Mozilla re-released Firefox 16 today after pulling the browser from distribution Wednesday when one of its developers found a critical bug that could be used by attackers to hijack machines.
At around 2:30 p.m. ET, Mozilla turned on its upgrade servers and started pushing Firefox 16.0.1 to users who had earlier downloaded the flawed browser, or who were still running version 15 and earlier. About 30 minutes later, the open-source developer restored the patched program to its primary and secondary download pages.
Yesterday, Mozilla yanked Firefox 16 from its download websites and stopped serving it to existing users as an upgrade. The withdrawal was prompted by the discovery of a vulnerability, which the company then said "could allow a malicious site to potentially determine which websites users have visited and have access to the URL or URL parameters."
On Wednesday, Mozilla promised to ship an emergency update -- it calls them "chemspills" in a nod to security toxicity -- today.
Mozilla has now provided more information about the bug, which it rated as critical.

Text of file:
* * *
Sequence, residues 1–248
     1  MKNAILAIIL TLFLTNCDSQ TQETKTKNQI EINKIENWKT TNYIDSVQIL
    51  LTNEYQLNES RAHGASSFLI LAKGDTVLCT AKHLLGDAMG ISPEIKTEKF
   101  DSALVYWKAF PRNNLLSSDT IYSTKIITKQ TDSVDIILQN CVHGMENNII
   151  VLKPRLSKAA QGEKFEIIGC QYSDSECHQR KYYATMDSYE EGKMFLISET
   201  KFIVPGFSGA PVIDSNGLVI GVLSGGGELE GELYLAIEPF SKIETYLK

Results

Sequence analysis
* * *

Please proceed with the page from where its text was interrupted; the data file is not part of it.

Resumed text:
"Mozilla security researcher 'moz_bug_r_a4' reported a regression where security wrappers are unwrapped without doing a security check in defaultValue()," an accompanying advisory noted. "This can allow for improper access to the Location object. In versions 15 and earlier of affected products, there was also the potential for arbitrary code execution."
The patch also addressed the issue reported by U.K.-based researcher Gareth Heyes early Wednesday that allowed access to user information, including Twitter usernames, through Firefox 16.
Firefox 16.0.1 fixed four flaws altogether, including two bugs that had caused a large number of crashes on users' systems.
Although Mozilla has had to quickly re-release Firefox before -- in December 2011 it pulled Firefox 9 a day after that edition's release -- this was the first time the firm pulled Firefox from distribution because of a vulnerability.
According to Web metrics company Net Applications, Firefox accounted for 20% of all browsers used worldwide last month, enough to keep Mozilla in second place -- behind only Microsoft and its Internet Explorer -- in the race for browser share.
Gregg Keizer covers Microsoft, security issues, Apple, Web browsers and general technology breaking news for Computerworld. Follow Gregg on Twitter at @gkeizer, on Google+ or subscribe to Gregg's RSS feed. His email address is firstname.lastname@example.org.
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